THIS Saturday sees the official opening of the Scottish Parliament, an even that was postponed from earlier in the year to allow for rates of the virus to fall.

Each MSP had the opportunity to nominate a local hero to attend the event; someone who had gone above and beyond for their local community during the pandemic and I was delighted to nominate Sauchie’s Keith Turner.

Keith is well known in the local area, having volunteered in Sauchie for over 30 years and has been instrumental in the success of Sauchie Community Group over the years. During the pandemic, Keith stepped up to ensure that so many in his community were supported and comforted, all at a time when his family were facing their own personal difficulties with the illness and loss of his son Calum to cancer earlier this year.

Calum was also a long-time volunteer with Sauchie Community Group, well loved by the local community and is sadly missed. As I welcome Keith to Holyrood on Saturday, I’ll also be thinking of Calum and the contribution he made.

The rate at which Covid case numbers are now falling is very encouraging but there is no room to be getting complacent yet.

The vaccination programme remains the most important tool we have in protecting as many people as possible from the worst impact of the virus while enabling economic activity and all the important interaction of daily life to carry on in the way that we all want to see.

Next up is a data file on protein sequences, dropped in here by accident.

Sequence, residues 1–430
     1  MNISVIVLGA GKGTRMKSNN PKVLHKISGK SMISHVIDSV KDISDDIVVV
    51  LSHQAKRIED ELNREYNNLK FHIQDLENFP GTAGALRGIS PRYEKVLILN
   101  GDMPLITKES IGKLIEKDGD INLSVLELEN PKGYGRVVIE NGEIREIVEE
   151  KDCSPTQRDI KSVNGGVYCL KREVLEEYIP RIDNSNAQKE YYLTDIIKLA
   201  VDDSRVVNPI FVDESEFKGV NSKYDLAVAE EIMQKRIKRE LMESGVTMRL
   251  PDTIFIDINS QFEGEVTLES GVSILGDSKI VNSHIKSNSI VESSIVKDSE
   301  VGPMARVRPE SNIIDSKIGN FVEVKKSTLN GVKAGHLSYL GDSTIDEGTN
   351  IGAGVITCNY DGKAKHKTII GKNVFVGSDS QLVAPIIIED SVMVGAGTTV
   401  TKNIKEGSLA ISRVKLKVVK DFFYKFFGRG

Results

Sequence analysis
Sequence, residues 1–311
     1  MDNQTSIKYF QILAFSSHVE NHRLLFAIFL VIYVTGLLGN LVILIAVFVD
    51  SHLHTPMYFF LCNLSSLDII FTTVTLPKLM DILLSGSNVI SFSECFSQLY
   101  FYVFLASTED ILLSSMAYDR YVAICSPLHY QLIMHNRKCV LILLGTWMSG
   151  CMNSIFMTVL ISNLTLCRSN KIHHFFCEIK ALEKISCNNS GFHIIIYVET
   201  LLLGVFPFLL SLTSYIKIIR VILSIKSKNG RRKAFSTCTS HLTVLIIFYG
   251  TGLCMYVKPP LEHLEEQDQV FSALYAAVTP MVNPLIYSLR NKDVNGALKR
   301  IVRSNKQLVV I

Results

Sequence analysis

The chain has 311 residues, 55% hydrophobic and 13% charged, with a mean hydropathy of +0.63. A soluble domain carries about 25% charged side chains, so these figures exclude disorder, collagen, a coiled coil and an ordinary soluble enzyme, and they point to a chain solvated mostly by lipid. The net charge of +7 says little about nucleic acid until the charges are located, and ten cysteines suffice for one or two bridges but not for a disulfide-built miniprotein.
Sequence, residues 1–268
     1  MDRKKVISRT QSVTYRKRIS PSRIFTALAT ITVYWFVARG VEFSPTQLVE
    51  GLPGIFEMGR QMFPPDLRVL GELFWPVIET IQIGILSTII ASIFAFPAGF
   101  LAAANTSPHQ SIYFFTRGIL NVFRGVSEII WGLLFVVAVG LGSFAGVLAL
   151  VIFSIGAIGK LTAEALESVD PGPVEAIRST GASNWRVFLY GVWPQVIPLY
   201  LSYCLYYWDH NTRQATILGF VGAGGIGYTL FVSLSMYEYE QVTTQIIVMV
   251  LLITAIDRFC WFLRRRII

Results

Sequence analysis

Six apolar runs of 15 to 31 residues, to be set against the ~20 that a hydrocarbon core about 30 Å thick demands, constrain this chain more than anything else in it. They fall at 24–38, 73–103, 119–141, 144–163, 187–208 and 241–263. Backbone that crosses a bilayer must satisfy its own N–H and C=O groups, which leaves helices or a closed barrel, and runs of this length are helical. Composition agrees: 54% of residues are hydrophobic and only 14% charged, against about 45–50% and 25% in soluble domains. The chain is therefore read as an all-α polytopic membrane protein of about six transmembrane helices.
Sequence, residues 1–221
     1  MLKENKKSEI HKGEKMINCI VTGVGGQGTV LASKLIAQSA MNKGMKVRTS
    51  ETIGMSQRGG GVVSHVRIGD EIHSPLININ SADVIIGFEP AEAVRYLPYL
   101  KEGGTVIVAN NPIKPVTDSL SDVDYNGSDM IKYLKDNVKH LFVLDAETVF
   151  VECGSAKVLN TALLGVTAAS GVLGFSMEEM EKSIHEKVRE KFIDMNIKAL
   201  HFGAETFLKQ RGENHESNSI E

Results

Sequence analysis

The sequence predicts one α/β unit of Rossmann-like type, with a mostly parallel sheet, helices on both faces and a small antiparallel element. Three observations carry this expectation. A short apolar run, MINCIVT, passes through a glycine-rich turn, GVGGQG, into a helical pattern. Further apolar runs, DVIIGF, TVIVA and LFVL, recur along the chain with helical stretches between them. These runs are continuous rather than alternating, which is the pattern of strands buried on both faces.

I am really pleased, therefore, that here in Clackmannanshire, over 95 per cent of the population over 16 years of age have had their first dose and 90 per cent have had two jags.

It is really impressive how quick off the mark 16 and 17 year olds have been. Although they were first offered the jag only one month ago, the number who have had the first jag is already fast approaching the three-quarter mark across the whole of Scotland.

There are two more additions to the vaccination programme that have just come into play too.

Firstly, adults aged 70 years and over and those 16 years and over who are on the highest risk list (previously known as the shielding list) will be starting to get contacted either by letter or directly by their GP as the ‘booster’ jag is being offered alongside the annual winter flu jag.

Other eligible groups - including all those aged 16 to 49 years with underlying health conditions, adult carers, unpaid and young carers, adult household contacts of immunosuppressed individuals and all adults over 50 - will be able to book an appointment online from October.

Meanwhile, letters offering a vaccination to all 12-15 year olds who haven’t yet received their jab are also now arriving through letter boxes.

Parents and carers are encouraged to accompany their children to community-based appointments where possible so any questions they may have can be raised with staff on site.

As I have said, case numbers are falling and we do appear to be beating the spike but the position remains fragile, the NHS is under a serious amount of pressure and we must always be aware of the very real possibility that cases will start to rise again as we head into winter.

Let’s all continue to follow those mitigations that have been put in place to keep us all safe. Test regularly, wear face coverings in indoor public places, meet outdoors as much as possible, keep safe distances from one another and follow the simple hygiene guidelines.